To Your Health
March, 2007 (Vol. 01, Issue 03)
Type A: These reactions are normal drug effects gone overboard, wherein the expected effects of a medication are exaggerated to the point of being undesirable or intolerable for patients.
These reactions are often bizarre and far more severe than any known side effects related to the drug prescribed, such as an anaphylactic reaction to penicillin. (Anaphylactic shock can lead to death in minutes if not treated appropriately.) If patients are not tested for what are called "antibody markers," type B reactions are completely unpredictable and may or may not depend on the dosage.
Harmful Drug Interactions
The scale of the drug interaction problem increases significantly in certain patient populations, especially among critical care patients; patients undergoing or recovering from surgical procedures; and among senior citizens, who are taking the greatest number of medications each day. One also must take the following into account:
- Some patients may see multiple physicians for acute and chronic conditions.
- Some patients may obtain medication from more than one pharmacy or by mail.
- An estimated 80 percent of elderly patients routinely take prescription and nonprescription medications concurrently.
Your physician should do more than prescribe medication; he or she should inform you in full about the risks of taking any medication. But itís your health on the line, not your doctorís. Take responsibility for your own health by asking questions.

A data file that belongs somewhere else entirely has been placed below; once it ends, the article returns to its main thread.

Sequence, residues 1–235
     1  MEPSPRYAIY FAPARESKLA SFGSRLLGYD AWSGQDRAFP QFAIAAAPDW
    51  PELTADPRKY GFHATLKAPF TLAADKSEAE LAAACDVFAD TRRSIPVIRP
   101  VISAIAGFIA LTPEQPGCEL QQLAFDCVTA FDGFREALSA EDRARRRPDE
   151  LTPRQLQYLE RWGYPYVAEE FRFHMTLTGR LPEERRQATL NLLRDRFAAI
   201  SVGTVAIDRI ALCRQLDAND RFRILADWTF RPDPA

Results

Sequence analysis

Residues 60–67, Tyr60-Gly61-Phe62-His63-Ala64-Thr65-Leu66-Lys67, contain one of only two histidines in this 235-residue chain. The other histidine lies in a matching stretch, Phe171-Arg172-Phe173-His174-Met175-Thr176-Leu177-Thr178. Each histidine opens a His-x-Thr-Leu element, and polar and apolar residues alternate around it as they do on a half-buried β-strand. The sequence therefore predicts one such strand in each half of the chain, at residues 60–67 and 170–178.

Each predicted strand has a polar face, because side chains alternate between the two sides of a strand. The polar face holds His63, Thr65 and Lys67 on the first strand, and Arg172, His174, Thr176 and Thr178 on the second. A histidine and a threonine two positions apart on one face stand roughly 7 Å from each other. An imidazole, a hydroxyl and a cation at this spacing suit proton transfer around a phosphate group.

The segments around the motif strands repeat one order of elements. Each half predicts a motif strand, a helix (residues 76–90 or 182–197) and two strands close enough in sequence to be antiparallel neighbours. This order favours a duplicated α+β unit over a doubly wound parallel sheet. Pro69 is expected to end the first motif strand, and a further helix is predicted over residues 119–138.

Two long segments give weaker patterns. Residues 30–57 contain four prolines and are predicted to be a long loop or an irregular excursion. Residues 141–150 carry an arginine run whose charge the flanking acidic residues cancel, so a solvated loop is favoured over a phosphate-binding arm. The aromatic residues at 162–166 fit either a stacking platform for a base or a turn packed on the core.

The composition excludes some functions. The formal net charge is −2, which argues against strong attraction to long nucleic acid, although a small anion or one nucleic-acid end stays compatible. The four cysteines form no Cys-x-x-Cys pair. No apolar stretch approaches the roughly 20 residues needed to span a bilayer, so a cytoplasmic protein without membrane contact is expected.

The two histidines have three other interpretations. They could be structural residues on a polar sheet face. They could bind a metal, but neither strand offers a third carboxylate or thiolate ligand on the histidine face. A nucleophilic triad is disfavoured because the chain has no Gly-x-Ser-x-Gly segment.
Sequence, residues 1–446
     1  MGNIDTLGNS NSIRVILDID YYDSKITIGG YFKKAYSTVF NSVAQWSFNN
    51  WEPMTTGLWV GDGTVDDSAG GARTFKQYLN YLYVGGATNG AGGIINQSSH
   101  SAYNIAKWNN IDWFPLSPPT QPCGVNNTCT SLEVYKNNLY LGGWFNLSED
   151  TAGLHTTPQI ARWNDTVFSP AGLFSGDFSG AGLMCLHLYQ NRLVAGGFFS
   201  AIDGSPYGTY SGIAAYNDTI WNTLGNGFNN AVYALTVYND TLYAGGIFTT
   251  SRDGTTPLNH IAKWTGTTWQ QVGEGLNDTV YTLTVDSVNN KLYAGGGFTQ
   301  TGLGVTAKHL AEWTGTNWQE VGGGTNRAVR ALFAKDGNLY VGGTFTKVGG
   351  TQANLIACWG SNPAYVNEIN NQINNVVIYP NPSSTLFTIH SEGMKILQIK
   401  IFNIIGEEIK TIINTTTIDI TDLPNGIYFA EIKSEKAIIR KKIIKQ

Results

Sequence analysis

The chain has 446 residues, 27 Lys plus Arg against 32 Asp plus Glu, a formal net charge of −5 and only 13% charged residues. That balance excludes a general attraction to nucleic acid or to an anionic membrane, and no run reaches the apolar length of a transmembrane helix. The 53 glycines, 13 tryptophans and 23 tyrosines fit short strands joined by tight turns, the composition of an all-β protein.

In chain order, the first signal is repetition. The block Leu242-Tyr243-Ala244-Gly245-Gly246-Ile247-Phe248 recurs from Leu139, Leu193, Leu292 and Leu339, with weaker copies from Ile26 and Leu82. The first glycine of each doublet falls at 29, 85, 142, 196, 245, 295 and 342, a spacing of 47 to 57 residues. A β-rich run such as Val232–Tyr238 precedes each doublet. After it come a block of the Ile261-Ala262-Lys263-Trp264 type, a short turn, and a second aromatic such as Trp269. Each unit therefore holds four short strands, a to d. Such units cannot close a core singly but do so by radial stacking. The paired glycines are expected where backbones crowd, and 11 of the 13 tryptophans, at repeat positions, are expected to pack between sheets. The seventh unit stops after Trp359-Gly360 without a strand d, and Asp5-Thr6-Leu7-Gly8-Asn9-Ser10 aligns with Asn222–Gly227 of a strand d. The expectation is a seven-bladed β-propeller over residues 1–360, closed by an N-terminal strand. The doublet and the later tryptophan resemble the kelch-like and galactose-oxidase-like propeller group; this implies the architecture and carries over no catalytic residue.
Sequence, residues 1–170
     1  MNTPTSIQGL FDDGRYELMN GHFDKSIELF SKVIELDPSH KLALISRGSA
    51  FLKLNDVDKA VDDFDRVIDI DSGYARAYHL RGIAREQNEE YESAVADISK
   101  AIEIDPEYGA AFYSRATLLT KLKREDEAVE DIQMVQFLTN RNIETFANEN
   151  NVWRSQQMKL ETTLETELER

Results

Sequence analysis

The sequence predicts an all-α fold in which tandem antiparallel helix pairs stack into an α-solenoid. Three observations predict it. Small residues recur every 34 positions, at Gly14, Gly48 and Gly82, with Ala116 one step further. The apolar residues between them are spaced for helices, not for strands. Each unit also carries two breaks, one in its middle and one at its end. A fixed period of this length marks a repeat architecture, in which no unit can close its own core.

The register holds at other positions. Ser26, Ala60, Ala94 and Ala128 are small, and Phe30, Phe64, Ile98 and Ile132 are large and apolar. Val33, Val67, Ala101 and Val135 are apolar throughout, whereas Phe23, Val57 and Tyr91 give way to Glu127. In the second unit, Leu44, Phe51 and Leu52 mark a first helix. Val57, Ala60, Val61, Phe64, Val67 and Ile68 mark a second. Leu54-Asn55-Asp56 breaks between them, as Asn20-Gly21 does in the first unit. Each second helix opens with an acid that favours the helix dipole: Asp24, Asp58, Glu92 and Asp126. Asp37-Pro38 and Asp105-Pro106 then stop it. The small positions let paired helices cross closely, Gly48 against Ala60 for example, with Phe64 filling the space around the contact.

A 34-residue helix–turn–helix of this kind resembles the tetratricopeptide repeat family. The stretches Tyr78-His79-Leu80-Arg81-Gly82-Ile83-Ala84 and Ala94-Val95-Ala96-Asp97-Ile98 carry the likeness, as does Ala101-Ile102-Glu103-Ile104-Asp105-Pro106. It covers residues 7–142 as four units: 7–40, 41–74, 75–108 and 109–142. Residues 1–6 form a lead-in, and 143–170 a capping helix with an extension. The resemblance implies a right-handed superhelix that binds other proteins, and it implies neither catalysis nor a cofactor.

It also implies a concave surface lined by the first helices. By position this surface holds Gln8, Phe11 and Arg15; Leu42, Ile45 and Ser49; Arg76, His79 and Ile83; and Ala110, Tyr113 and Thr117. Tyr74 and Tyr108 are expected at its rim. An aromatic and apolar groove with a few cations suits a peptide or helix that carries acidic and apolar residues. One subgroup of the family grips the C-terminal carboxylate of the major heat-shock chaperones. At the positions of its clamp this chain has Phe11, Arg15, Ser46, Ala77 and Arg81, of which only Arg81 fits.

What's more, there are several types of reactions to watch out for.
Drug-drug interactions: The altered performance of one drug by the administration of a different drug is considered a drug-drug interaction. The properties of either or both drugs can be severely enhanced or diminished, whereby the combination is less beneficial or even harmful when compared to either drug used alone.
Drug-food interactions: Most drug-food interactions are related to absorption of the drug (i.e., whether digestion aids or inhibits absorption of the medication). Hence, many prescription labels indicate "take with meal" or "take on empty stomach." However, your medication and your meal can interact in other undesirable ways.
One particularly significant reaction can occur when certain commonly prescribed antidepressants are taken concurrently with foods containing high levels of the compound tyramine. This can cause serious complications, including an acute increase in blood pressure. Some of the more common foods high in tyramine include avocados, bananas, cheese (especially aged), chocolate, coffee, processed meat (bologna, salami, summer sausage, etc.), raspberries, yogurt, tofu and wine (especially red).